Apple is not big on letting customers open up or upgrade their devices too easily. Sure, they have announced a self-repair option for some of their devices but the company has cautioned that only those with adequate knowledge about repairing a device should take it up. When it comes to repairing or upgrading the device, Apple wants consumers to turn to authorised personnel only.
And things are no different with the new Apple Mac Studio that the company introduced earlier this month. Like most other Apple Mac devices, this one cannot be easily opened or upgraded. However, as reports have it, a teardown video has revealed that Apple has accommodated some upgradability options in the Mac Studio, “although user repairs will be difficult”. The same video, created by Max Tech, also gives us a closer look at the M1 Ultra SoC and how much bigger it is in comparison to other desktop processors.
Max Tech has disassembled the M1 Ultra Mac Studio for the video, Apple also sells an M1 Max version of it too.
The video reveals that Apple really does not want people to repair the Mac Studio, unlike what it allows for older Mac machines like the Intel-powered Mac minis. The Mac Studio is protected by multiple players of screws along coupled with silicone rings that must be removed to open the mini PC up and access the power supply and the logic board with the M1 Ultra.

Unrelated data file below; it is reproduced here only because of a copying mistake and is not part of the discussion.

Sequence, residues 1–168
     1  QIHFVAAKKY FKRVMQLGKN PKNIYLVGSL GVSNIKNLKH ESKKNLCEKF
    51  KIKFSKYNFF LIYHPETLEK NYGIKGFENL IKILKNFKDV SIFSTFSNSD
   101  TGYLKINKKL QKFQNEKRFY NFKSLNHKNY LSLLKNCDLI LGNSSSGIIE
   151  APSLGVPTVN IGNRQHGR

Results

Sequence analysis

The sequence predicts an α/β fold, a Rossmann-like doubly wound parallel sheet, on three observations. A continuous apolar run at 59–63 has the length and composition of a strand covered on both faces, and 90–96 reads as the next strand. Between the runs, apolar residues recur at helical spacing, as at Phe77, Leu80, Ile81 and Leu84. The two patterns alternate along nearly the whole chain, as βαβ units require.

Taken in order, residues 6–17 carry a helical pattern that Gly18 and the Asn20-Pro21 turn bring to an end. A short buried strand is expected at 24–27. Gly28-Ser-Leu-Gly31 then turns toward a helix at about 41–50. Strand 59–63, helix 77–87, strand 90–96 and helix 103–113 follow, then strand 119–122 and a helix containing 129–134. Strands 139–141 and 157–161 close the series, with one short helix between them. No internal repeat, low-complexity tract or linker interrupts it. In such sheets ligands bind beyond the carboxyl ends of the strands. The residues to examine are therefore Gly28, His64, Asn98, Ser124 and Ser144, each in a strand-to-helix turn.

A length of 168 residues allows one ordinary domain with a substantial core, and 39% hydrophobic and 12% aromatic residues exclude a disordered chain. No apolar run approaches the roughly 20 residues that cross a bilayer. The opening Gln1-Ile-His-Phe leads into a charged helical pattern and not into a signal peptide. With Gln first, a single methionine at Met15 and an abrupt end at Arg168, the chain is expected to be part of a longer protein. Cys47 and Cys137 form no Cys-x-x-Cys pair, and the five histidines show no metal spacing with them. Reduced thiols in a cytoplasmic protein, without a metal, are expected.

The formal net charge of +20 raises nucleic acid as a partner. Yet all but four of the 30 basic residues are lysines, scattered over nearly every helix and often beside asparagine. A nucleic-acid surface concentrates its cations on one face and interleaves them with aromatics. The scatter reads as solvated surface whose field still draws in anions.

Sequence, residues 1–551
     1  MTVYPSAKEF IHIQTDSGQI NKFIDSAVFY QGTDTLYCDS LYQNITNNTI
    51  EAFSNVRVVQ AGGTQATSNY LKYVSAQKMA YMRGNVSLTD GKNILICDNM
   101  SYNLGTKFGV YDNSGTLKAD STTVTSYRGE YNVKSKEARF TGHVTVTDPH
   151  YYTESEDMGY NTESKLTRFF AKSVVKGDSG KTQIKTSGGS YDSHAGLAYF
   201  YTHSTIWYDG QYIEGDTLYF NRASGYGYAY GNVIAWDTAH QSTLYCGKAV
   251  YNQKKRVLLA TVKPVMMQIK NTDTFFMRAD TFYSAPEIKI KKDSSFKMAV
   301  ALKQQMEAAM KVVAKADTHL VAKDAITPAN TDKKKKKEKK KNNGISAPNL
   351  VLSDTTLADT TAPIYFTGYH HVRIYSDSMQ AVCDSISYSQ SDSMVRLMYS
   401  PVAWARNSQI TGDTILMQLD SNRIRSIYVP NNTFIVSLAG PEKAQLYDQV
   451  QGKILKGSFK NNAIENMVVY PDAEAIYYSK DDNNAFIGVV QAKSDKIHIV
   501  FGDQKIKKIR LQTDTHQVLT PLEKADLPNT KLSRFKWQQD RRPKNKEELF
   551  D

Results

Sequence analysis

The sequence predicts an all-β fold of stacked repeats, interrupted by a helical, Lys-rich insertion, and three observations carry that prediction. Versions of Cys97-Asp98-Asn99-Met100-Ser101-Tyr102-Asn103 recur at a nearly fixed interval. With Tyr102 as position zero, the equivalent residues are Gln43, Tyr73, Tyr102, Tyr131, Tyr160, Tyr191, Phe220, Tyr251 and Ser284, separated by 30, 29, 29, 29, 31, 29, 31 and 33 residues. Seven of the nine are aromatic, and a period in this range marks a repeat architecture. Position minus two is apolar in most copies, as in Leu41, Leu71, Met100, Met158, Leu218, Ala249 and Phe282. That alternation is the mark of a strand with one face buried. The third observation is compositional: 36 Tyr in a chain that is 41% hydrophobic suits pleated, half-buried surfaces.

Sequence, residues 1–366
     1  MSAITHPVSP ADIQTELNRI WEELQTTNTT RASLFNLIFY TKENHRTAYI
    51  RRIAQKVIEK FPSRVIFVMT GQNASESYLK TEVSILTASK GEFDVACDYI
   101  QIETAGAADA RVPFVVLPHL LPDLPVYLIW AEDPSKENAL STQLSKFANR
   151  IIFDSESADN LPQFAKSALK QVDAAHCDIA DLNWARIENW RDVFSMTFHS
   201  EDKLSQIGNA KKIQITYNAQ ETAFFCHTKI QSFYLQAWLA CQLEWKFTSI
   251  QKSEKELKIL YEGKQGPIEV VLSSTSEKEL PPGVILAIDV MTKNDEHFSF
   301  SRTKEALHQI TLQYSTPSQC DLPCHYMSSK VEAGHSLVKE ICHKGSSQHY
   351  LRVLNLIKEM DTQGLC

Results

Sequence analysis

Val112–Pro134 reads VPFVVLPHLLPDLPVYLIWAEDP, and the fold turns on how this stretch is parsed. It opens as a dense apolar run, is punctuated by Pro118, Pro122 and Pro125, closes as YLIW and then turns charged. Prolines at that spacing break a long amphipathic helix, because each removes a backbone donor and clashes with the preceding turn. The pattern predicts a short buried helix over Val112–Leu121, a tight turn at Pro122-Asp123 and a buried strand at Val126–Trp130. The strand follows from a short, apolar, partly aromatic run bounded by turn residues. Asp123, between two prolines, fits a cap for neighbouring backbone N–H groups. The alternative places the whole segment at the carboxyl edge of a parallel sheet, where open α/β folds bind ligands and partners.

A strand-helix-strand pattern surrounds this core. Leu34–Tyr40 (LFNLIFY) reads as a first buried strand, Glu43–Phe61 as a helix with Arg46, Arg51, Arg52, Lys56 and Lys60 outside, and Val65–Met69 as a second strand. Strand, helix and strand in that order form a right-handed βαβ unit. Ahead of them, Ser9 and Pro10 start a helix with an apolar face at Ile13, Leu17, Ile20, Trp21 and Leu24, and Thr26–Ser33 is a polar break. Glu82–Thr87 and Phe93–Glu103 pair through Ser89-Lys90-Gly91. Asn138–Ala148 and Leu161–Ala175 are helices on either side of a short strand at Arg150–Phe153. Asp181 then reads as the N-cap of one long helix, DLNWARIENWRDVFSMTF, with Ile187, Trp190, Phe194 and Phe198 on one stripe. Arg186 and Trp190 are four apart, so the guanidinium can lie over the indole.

Max Tech’s video shows how the M1 Ultra chip compared to the Ryzen 3 3300X for size. The Ryzen chip, however, does not contain as many components as the M1 Ultra, and Apple has combined two M1 Max chips vis its UltraFusion architecture to create the M1 Ultra. Also, the video does not de-lid the m1 Ultra to show what’s inside.
What is being called the “biggest surprise” in the Mac Studio is the fact that it has two M.2-style connectors. These connectors are used for Apple’s proprietary SSDs so, theoretically, as Notebook Check points out, it is possible to upgrade the storage on the Mac Studio, but only if Apple “ever sells replacement drives”.
Right now, Apple does not sell any replacement drives and nor does any third party sell compatible ones. However, the fact that the possibility exists means that a Mac Studio should be repairable if its SSDs stops working at some stage, and also, if the logic board fails, that “should not result in a total storage loss, too”.
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